Yeast diversity during tapping and fermentation of palm wine from Cameroon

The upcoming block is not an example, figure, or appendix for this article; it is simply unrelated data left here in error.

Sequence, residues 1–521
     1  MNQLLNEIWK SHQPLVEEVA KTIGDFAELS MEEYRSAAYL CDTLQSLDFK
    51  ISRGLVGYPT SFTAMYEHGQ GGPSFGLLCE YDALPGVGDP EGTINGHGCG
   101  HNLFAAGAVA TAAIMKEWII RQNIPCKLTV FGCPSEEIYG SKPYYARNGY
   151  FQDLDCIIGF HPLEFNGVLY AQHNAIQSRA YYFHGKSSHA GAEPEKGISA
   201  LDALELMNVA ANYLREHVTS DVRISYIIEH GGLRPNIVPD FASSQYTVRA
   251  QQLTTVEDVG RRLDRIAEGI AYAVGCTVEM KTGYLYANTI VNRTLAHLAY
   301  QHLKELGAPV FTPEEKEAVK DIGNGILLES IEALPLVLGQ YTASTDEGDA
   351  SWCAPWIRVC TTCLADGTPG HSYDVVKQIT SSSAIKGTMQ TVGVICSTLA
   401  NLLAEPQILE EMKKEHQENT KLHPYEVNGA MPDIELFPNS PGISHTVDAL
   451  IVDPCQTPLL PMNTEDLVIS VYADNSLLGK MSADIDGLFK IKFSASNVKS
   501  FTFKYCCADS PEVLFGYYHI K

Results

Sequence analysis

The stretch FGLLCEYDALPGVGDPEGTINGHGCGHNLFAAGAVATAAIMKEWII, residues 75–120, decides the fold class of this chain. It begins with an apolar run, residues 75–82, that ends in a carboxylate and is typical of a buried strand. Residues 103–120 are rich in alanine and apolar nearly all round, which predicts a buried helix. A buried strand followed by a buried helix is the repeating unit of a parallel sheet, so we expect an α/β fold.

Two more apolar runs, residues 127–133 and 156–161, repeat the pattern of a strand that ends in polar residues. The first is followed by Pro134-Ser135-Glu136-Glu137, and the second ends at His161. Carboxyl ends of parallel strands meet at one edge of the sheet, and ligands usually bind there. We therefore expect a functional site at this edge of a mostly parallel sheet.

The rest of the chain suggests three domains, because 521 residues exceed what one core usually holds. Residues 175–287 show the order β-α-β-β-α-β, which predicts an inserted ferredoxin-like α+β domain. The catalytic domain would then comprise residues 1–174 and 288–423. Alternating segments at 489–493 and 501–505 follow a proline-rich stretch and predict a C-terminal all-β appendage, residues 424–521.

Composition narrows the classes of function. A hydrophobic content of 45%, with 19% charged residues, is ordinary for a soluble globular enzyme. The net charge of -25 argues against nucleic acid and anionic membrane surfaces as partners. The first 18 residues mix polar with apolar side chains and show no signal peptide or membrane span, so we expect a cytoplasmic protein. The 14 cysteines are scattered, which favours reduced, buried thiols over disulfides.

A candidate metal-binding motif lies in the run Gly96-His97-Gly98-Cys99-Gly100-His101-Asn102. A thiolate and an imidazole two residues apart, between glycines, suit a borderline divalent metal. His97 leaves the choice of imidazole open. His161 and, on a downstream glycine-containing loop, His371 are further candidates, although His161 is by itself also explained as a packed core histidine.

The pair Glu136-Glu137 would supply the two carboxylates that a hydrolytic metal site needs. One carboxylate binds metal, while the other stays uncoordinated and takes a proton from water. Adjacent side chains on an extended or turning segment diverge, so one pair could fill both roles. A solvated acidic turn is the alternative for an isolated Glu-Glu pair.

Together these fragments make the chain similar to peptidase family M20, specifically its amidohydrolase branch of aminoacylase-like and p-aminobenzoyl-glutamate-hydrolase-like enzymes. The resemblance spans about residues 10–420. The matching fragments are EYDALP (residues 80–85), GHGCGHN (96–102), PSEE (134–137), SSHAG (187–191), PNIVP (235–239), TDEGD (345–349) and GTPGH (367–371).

In the present study, we have investigated the occurrence of yeast flora during tapping and fermentation of palm wine from Cameroon. The yeast diversity was investigated using both traditional culture-dependent and culture-independent methods. Moreover, to characterize the isolates of the predominant yeast species (Saccharomyces cerevisiae) at the strain level, primers specific for δ sequences and minisatellites of genes encoding the cell wall were used. The results confirm the broad quantitative presence of yeast, lactic acid bacteria and acetic acid bacteria during the palm wine tapping process, and highlight a reduced diversity of yeast species using both dependent and independent methods. Together with the predominant species S. cerevisiae, during the tapping of the palm wine the other species found were Saccharomycodes ludwigii and Zygosaccharomyces bailii. In addition, denaturing gradient gel electrophoresis (DGGE) analysis detected Hanseniaspora uvarum, Candida parapsilopsis, Candida fermentati and Pichia fermentans. In contrast to the progressive simplification of yeast diversity at the species level, the molecular characterization of the S. cerevisiae isolates at the strain level showed a wide intraspecies biodiversity during the different steps of the tapping process. Indeed, 15 different biotypes were detected using a combination of three primer pairs, which were well distributed in all of the samples collected during the tapping process, indicating that a multistarter fermentation takes place in this particular natural, semi-continuous fermentation process. © 2009 Elsevier Ltd. All rights reserved.